Das Mohapatra et al. observed that orders of magnitude fewer live, versus irradiated, tumor cells could immunize mice against secondary challenge in multiple models. Compared to irradiated cells, live tumor cells more strongly stimulated CD8+ T cells in vitro, and were taken up by CD8α+ DCs but not CD169+ macrophages in vivo. Antigen transfer from live cells occurred primarily via trogocytosis: DCs specifically sampled membrane elements and displayed tumor cell-derived MHC-peptide complexes, dependent on direct cell contact rather than secreted factors or exosomes. Mice lacking CD8α+ DCs failed to suppress secondary tumor challenge.
Contributed by Alex Najibi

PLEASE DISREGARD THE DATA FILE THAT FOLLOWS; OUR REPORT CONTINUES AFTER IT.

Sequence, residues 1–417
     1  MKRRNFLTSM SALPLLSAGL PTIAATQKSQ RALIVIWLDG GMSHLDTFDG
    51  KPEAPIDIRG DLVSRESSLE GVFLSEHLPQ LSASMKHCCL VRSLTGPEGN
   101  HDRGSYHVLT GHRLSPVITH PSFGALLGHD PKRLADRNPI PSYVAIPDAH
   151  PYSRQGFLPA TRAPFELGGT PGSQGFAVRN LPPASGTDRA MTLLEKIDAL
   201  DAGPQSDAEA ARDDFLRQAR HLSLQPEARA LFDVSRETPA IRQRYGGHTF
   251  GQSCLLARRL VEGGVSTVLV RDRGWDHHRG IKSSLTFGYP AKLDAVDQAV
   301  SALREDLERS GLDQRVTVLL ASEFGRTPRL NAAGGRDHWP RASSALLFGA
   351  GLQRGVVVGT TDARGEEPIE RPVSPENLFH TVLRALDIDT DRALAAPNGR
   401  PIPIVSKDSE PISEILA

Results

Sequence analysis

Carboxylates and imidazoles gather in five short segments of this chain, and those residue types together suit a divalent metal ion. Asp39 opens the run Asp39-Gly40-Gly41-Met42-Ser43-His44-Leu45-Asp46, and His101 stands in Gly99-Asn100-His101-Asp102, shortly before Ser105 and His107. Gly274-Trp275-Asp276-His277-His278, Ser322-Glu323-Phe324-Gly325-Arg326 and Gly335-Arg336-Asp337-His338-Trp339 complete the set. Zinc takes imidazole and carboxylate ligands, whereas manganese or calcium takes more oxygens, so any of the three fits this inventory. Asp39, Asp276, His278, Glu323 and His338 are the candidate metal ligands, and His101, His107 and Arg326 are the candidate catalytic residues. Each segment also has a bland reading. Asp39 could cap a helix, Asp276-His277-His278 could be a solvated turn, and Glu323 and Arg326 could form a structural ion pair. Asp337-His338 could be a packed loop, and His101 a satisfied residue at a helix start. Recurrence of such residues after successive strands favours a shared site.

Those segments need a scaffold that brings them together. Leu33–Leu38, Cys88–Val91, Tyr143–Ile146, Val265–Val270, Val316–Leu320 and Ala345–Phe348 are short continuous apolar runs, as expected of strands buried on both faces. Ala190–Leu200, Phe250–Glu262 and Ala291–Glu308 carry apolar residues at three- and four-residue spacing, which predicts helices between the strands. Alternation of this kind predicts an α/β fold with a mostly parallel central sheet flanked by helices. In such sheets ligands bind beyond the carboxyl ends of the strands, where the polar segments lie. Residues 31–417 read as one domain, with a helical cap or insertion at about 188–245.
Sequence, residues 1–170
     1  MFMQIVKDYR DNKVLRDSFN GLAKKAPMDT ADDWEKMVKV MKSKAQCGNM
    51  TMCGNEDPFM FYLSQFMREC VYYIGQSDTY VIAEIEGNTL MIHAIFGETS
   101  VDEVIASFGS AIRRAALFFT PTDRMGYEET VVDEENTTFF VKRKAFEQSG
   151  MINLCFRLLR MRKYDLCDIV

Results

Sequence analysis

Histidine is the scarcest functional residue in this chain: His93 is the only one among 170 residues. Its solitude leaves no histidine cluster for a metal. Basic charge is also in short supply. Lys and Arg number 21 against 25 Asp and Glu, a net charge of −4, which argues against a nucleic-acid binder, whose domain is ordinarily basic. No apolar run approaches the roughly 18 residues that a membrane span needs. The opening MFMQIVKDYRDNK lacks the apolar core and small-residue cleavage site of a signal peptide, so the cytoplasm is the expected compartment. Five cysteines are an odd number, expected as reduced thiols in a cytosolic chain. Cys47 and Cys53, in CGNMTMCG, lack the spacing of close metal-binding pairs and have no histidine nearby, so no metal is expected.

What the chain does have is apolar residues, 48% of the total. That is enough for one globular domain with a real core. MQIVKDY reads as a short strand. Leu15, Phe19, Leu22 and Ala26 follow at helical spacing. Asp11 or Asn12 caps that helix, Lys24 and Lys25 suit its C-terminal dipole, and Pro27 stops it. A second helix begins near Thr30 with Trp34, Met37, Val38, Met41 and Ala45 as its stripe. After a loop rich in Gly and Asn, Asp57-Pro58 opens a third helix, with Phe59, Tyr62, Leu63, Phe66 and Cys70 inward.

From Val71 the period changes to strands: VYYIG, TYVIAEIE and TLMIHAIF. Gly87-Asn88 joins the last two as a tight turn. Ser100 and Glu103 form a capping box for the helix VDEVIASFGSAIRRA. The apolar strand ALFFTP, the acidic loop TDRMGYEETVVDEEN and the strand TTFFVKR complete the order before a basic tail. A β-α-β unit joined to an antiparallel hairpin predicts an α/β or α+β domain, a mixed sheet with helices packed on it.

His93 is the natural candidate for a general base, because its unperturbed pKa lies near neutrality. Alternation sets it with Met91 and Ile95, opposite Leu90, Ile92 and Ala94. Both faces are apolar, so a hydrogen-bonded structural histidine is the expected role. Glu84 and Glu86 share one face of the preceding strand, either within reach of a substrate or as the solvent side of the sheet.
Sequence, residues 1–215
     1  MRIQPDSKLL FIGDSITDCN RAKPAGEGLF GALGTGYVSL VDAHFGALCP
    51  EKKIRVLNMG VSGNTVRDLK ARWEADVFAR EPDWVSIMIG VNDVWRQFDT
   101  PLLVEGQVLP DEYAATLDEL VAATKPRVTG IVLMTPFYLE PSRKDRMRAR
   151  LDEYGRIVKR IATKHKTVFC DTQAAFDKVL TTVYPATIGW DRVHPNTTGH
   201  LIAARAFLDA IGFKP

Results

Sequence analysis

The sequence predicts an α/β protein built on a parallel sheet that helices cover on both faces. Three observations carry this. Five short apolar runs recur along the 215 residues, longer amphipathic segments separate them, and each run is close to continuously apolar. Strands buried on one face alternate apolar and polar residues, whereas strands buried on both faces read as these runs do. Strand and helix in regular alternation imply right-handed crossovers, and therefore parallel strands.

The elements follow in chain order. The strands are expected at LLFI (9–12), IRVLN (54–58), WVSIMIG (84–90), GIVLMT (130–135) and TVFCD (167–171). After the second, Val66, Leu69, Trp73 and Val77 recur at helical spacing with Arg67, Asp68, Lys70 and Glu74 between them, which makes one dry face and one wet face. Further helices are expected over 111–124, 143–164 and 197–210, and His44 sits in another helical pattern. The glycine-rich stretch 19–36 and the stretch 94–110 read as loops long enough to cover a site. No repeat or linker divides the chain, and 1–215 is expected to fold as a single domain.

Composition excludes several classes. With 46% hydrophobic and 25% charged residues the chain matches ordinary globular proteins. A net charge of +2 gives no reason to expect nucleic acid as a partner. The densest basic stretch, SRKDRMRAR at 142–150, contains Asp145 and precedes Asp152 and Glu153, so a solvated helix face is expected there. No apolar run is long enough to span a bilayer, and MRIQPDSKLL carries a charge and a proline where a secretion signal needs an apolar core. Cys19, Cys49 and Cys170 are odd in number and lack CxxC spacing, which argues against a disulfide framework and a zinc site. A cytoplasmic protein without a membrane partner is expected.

ABSTRACT: Live cells are the most abundant sources of antigen in a tumor-bearing host. Here, we used live tumor cells as source of antigens to investigate the mechanism underlying their immunogenicity in murine tumor models. The live tumor cells were significantly more immunogenic than irradiated or apoptotic tumor cells. We examined the interaction of live and apoptotic tumor cells with major subsets of antigen presenting cells (APCs) i.e. CD8α+ DCs, CD8α- DCs, plasmacytoid DCs (pDCs) and CD169+ macrophages at skin draining lymph nodes (sdLNs). The CD8α+DCs captured cell associated antigens similarly from both live and apoptotic tumor cells, whereas CD169+ macrophages picked up cell-associated antigens mostly from apoptotic tumor cells. Trogocytosis and cross-dressing of membrane-associated antigenic material from live tumor cells on to CD8α+ dendritic cells was the primary mechanism for cross-priming of tumor antigens upon immunization with live cells. Phagocytosis of apoptotic tumor cells was the primary mechanism for cross-priming of tumor antigens upon immunization with apoptotic or irradiated cells. These findings clarify the mechanism of cross-priming of cancer antigens by dendritic cells, allowing for a greater understanding of antitumor immune responses.